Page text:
Are Yachts just Expensive Boats?

After reading Dan Gray’s article on Bill Gates’s Yacht, I felt compelled to ask my LinkedIn network: What are the costs involved in owning a private yacht? It has to be more complicated than owning a car, right? 🙂


Here’s some good information on asociated costs: Yacht Survey

Geof Lambert:

Anybody who has had one will surely tell you a boat is nothing more than a hole in the water in which to pour money!!

Do yourself a favor and CHARTER, CHARTER, CHARTER!!! or at least just get a fractional.

Allan Bernstein:

Besides the carrying costs of the original note, there is insurance, docking or storage fees, marina power / utility charges, regular maintenance (oil / filter changes, washing / waxing, minor repairs), fuel, crew, and the list goes on.

There are variables such as: how big a private yacht?, Gas or diesel? How much do you plan on using it? etc.

Paying to dock a yacht at any marina is charged by the foot. While tied up, generators must constantly be running (for A/C, bilge pumps, etc.). A qualified captain will cost $10,000 per foot per year. If the yacht is big enough, it’ll warrant a crew as well, possibly a cook. If used in a salt water environment, regular washing / waxing is necessary. Parts on yachts are substantially more expensive than on automotive counterparts.

As mentioned in previous answers: Boats are a hole to throw your $$ in to. Fractional ownership is a great alternative…it’s like a time share condo. It’s a very common practice with private jets as well as private yachts.

Jason Wenn:

As a crew member I can tell you that owning a yacht is like standing in a cold shower tearing up $100 bills.

I assume your referring to sail – if so, your costs will depend on whether you’re racing or not. Most racing yacht owners I’ve sailed with suggest you need to be prepared to spend up to 20% of your purchase costs each and every year.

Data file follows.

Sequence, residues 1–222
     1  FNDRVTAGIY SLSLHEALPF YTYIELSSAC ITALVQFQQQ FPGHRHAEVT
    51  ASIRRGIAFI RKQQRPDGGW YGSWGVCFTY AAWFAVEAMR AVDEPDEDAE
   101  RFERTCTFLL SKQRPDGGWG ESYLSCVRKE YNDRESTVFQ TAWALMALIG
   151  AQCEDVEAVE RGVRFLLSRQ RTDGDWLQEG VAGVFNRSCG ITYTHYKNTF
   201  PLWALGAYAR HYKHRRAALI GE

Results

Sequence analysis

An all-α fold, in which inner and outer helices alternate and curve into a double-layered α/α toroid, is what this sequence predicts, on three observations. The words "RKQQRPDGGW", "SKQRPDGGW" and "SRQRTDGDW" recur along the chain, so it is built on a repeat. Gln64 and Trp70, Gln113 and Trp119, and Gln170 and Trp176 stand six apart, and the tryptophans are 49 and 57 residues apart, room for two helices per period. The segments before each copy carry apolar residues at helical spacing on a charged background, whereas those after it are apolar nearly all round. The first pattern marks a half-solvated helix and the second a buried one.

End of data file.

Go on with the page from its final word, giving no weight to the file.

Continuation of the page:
Dennis Cadorniga:

Chris, I install and configure SAT-NAV systems on 100’+ yachts for a boat builder client of mine and he tells me that its about 10% of the purchase price of the yacht per year to run it. He has a 127′ yacht and it costs him about $900K per year. Regards, Dennis

John Griffiths:

I wouldn’t know, you obviously have more money than me 😉

Seriously, I’d think you’d have to take into account:

mortgage costs (unless you own it outright), mooring charges (where you’re going to permanently anchor the vessel and money put aside for when you go sailing), supplies (wouldn’t be much but beware of perishable items), monthly / yearly servicing (to scrape the barnacles off the hull and check that everythings safe), electricity / water / gas (for onsite charging of batteries, etc.), insurance (for worst case scenarios, don’t know about storm insurance), and hiring of the crew, training needed, etc.

It really depends on what your considering running, if it’s a small thing then your talking maybe £500 a year (?), but a large one may run into 5-15k. I’d think your most important things would have to be insurance and mooring charges; the rest you can wing it on. Hope this helps, John.

Andre Fraser:

Hi Chris,

I don’t own a yacht. I do have friends who own yachts. Some like it and some wish they did not have a yacht ever. There is one alternative way to own a yacht without the overhead of cleaning, docking and insurance cost. J/Port is a yacht club share run by J/Boats ( Take a look at their FAQ here: In essence, you pay about $5000/year to share the yacht.

Aaron Wester:

It’s like having a big RV. It’s got great features and is very comfortable, however it never gets used because it costs too much to operate and is too difficult to drive. 😉


Anthony Hempell

I think yachts fall into the category of “if you have to ask, you can’t afford it.”

I don’t t hink I’m gonna be able to afford it anytime soon, either. 🙂